Close view of note-taking in a paper notebook with digital devices on the side.

How to Optimize E-commerce Accounting

Proper e-commerce accounting allows you to correctly manage your income and expenses, make informed financial decisions, and comply with tax rules. 

However, e-commerce accounting can be complicated with data overload from numerous sales channels, inventories, and payment methods. That said, here are a few tips for optimizing your e-commerce accounting.

1. Use Accounting Software 

Investing in specific e-commerce accounting software improves data collection, automates operations like invoicing and bookkeeping, and simplifies financial reports. With automation, you can zero in on growing your business while reducing accounting errors and saving time.

Look for software that works easily with your current sales channels and payment processors.

2. Improve Inventory Management

By managing inventory accurately, e-commerce businesses can manage costs and fulfill orders more effectively. Implement a permanent inventory system that tracks inventory in real time. This way, you can detect inadequate stock levels and avoid stock-outs.

3. Keep Up with Tax Laws

To avoid fines and maintain financial stability, you must understand and abide by all applicable tax laws. Research the tax rules for your location, product category, and sales volume. Consult a tax professional for help and ensure compliance.

4. Pay Special Attention to Your Cash Flow

Keep a regular eye on your cash flow for insight into the money coming in and going out. This supports your decision-making when it comes to financial budgeting, advertising costs, and inventory purchasing.

5. Review Financial Reports Regularly

Financial reports include income statements, balance sheets, and cash flow statements. These provide important insights into your company's performance and indicate possible areas for improvement.

However, collecting data from multiple sales channels and getting insights from it manually can take hours. On top of that, if you don’t have any accounting knowledge, you might misinterpret some data, which can impact your business adversely. 

Link My Books is an accounting automation software that integrates with your e-commerce channels, collects the data, and automates your entire bookkeeping process. Our user-friendly software makes bookkeeping effortless and offers useful financial insights.

Sign up for a free trial now and accurately account for your e-commerce sales.

Businessman working on a laptop outdoors with a notepad and glasses.

Frequently Asked Questions (FAQs)

Before we wrap up, here are some of the most frequently asked questions online about e-commerce financial statements:

What is the Significance of Operating Expenses in E-Commerce Financials?

Operating expenses (OpEx) are the ongoing costs of running your e-commerce business. Although these expenses are not directly related to the manufacture of commodities, they are still necessary for daily operations.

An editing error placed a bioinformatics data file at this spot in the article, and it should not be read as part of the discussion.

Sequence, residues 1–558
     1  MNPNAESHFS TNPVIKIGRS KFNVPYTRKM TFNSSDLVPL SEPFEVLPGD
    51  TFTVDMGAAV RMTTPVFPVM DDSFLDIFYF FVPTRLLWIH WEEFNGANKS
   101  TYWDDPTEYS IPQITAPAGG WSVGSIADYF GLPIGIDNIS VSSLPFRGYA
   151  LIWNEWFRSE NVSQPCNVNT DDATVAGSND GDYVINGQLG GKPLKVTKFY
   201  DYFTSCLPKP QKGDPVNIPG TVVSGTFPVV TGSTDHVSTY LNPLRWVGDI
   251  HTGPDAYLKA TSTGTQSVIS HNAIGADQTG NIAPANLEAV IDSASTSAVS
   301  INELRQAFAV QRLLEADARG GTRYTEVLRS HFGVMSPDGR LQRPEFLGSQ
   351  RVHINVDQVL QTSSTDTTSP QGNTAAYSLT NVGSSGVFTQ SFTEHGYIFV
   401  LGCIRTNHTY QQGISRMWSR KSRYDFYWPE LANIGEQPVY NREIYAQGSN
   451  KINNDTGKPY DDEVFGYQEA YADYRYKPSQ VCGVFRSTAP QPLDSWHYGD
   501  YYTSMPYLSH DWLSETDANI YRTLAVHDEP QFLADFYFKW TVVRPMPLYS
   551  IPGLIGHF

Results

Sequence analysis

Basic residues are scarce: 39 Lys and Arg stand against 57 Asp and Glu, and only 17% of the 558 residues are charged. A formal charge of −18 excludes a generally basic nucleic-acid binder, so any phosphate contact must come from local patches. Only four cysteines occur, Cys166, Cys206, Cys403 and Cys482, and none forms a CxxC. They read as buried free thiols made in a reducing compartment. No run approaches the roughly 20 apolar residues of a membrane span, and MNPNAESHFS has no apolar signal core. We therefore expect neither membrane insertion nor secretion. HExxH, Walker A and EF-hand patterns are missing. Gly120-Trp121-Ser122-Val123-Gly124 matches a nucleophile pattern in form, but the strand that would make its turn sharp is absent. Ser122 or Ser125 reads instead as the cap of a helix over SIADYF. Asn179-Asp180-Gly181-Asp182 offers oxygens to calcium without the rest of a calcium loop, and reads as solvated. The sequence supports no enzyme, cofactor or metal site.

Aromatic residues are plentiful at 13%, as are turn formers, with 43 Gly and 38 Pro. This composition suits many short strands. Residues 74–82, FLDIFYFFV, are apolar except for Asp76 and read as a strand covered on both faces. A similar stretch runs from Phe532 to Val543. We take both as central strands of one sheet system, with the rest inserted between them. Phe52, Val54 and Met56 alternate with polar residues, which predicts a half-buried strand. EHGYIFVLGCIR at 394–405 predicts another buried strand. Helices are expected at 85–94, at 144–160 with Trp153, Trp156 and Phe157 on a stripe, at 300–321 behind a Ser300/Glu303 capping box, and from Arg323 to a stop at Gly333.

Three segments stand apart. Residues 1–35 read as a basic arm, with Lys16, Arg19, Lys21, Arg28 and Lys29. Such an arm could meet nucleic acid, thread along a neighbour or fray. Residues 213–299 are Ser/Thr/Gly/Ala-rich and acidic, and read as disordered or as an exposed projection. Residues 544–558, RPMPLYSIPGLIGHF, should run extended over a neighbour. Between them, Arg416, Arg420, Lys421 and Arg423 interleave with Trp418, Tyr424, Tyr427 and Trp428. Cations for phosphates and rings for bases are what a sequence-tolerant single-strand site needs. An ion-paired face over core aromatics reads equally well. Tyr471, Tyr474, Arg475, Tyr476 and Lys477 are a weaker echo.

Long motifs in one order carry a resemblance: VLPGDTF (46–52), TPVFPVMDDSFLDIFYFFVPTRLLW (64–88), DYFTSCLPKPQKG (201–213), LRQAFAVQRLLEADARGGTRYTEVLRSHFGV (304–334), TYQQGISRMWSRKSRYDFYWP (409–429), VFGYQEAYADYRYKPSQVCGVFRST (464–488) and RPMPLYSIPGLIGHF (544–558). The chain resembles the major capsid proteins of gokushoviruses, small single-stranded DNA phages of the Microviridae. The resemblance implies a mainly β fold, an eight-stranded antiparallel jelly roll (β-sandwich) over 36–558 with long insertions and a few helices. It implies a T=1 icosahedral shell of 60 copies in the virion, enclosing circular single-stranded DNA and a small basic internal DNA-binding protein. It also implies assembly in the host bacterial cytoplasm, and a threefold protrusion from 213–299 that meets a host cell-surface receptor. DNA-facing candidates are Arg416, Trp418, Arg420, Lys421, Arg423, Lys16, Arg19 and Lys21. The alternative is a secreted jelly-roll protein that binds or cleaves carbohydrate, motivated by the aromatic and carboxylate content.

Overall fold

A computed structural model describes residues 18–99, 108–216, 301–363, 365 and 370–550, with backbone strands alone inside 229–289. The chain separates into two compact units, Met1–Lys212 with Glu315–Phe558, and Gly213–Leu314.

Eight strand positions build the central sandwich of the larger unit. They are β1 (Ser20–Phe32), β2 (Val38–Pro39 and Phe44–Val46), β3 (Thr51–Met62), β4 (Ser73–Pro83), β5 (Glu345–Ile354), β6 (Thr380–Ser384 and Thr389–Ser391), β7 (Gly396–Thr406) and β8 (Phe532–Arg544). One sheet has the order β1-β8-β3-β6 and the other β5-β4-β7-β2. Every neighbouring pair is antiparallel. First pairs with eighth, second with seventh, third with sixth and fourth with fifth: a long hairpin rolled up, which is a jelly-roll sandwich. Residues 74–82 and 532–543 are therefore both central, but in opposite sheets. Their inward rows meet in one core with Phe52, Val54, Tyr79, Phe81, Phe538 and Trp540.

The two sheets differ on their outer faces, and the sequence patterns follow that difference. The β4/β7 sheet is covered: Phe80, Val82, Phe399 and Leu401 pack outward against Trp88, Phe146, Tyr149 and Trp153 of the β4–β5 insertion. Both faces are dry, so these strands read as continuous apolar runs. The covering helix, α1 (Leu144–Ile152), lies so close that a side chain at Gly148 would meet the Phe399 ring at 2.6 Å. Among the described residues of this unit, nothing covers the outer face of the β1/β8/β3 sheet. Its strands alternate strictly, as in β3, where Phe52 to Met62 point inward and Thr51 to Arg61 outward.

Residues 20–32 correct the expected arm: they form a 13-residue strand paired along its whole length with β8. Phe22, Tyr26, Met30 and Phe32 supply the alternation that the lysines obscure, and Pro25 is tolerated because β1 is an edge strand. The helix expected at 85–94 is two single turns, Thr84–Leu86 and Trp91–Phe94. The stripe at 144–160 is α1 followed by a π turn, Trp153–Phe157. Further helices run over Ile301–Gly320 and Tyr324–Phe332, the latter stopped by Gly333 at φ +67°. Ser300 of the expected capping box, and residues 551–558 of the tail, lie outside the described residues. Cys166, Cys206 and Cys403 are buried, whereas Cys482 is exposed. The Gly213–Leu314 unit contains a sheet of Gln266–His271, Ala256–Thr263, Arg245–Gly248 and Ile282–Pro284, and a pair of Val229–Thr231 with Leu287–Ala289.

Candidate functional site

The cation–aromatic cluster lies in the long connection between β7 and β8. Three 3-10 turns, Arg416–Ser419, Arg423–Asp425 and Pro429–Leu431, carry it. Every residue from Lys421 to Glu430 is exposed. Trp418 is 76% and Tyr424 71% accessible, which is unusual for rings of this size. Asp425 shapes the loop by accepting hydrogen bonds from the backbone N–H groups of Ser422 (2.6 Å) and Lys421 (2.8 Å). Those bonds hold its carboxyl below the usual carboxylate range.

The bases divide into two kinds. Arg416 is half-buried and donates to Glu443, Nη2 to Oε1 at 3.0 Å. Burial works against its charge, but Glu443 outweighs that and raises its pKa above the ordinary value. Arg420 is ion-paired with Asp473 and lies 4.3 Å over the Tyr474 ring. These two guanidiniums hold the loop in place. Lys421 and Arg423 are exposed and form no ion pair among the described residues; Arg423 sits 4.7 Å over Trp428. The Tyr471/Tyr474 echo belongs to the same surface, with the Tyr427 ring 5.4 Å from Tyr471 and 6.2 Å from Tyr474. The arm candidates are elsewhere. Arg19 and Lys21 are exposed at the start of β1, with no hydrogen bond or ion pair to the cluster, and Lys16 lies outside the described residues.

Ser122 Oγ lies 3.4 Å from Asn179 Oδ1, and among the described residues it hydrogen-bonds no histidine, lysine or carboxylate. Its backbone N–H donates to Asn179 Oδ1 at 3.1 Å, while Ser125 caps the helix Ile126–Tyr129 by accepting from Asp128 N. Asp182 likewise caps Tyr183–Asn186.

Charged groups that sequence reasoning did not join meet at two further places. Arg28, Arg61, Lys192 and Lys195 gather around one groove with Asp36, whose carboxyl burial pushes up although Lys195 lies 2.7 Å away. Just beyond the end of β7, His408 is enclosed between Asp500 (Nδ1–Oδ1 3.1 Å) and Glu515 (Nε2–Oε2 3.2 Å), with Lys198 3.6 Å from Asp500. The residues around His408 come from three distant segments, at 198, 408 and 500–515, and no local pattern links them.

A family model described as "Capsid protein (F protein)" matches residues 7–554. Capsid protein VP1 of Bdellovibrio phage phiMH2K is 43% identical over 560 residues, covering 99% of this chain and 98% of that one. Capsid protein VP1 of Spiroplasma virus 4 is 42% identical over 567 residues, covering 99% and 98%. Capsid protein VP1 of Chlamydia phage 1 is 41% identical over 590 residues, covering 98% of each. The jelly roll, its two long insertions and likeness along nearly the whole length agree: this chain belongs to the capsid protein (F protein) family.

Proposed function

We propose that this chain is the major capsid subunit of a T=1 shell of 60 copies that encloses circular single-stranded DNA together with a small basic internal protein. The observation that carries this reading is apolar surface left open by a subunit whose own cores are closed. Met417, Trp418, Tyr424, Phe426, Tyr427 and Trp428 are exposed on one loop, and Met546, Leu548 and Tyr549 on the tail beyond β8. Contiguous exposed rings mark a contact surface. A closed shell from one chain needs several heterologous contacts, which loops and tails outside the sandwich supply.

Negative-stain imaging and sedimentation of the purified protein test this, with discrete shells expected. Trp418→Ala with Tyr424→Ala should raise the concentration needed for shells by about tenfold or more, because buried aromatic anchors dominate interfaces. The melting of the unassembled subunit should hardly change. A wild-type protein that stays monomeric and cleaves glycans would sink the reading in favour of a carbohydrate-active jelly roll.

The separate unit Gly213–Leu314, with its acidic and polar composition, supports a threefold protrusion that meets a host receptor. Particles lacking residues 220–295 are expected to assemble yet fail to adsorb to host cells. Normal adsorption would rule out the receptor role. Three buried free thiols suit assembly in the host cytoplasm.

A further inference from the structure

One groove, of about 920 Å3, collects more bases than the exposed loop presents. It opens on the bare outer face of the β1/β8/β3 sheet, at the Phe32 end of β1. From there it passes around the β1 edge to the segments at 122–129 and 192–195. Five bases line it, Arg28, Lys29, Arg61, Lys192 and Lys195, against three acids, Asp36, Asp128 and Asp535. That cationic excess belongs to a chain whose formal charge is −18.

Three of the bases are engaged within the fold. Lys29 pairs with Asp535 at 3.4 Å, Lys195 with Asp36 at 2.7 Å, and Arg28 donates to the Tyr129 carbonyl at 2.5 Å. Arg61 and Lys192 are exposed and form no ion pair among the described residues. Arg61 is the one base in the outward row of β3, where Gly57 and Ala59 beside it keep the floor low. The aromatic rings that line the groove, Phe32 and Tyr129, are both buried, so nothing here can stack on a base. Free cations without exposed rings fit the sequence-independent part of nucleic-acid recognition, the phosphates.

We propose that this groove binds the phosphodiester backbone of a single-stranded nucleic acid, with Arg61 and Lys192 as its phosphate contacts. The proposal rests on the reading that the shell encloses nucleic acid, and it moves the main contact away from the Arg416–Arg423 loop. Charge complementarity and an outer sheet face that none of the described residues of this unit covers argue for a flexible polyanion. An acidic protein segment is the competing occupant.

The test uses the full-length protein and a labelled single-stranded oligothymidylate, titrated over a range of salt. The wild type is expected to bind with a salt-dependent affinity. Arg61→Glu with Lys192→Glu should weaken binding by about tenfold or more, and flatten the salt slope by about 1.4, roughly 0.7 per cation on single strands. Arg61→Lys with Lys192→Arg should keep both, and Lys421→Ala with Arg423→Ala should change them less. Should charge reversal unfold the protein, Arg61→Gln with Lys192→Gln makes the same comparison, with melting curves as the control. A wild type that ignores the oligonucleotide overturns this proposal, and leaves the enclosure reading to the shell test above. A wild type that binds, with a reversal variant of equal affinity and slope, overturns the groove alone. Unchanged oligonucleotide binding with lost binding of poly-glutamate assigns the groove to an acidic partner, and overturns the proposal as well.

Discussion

Higher OpEx leads to less profit for your e-commerce business as the gap between sales and operating costs increases. Lower OpEx, on the other hand, means more profit because you're spending less to keep things going.

What Role Does Cost of Goods Sold (COGS) Play in E-Commerce Accounting?

Cost of Goods Sold (COGS) refers to the direct costs involved in the things you sell. It comprises the costs of purchasing raw materials, production, and transportation. 

COGS is a key metric in accounting, and the aim should be to minimize it without harming your operational efficiency or deteriorating product/service quality. Companies can determine their gross profit by subtracting COGS from their sales revenue.

What Are the Key Differences Between Cash and Accrual Accounting in E-Commerce?

  • Cash accounting tracks income only when it is received and expenses only when it is paid. Although easier, this approach may not give you a clear view of your financial situation.
  • Accrual accounting captures income and costs when they incur (regardless of when they’re paid or due). This strategy delivers a more accurate depiction of your financial performance but can be more difficult to manage.

How do Inventory Management Practices Affect E-Commerce Financial Statements?

Inventory management strategies greatly impact an e-commerce company's financial situation. 

Here's how:

  • Inventory management guarantees precise COGS computation, which gives better visibility of your profitability.
  • Inventory management guarantees precise COGS computation, which improves comprehension of profitability.
  • Overstocking stifles cash flow. In contrast, under-stocking causes lost sales and revenue potential. Proper inventory management promotes balance.


Understanding KPIs, using the right tools, and keeping yourself informed are necessary for handling your e-commerce financial statements.

However, the whole process can be quite daunting for you if you don't have any accounting knowledge. Not just that, even for professional accountants, managing and reporting finances manually for multiple clients is extremely overwhelming. One minor error and all your effort gets wasted.

Link My Books offers a bookkeeping tool for e-commerce sellers and accountants to automate the entire bookkeeping process. With us, you can make data-driven decisions to drive your business ahead without spending hours figuring out taxes or collecting data from multiple sales channels.

So why wait? Schedule a demo with us, and we'll show you how we can help you create accurate financial statements.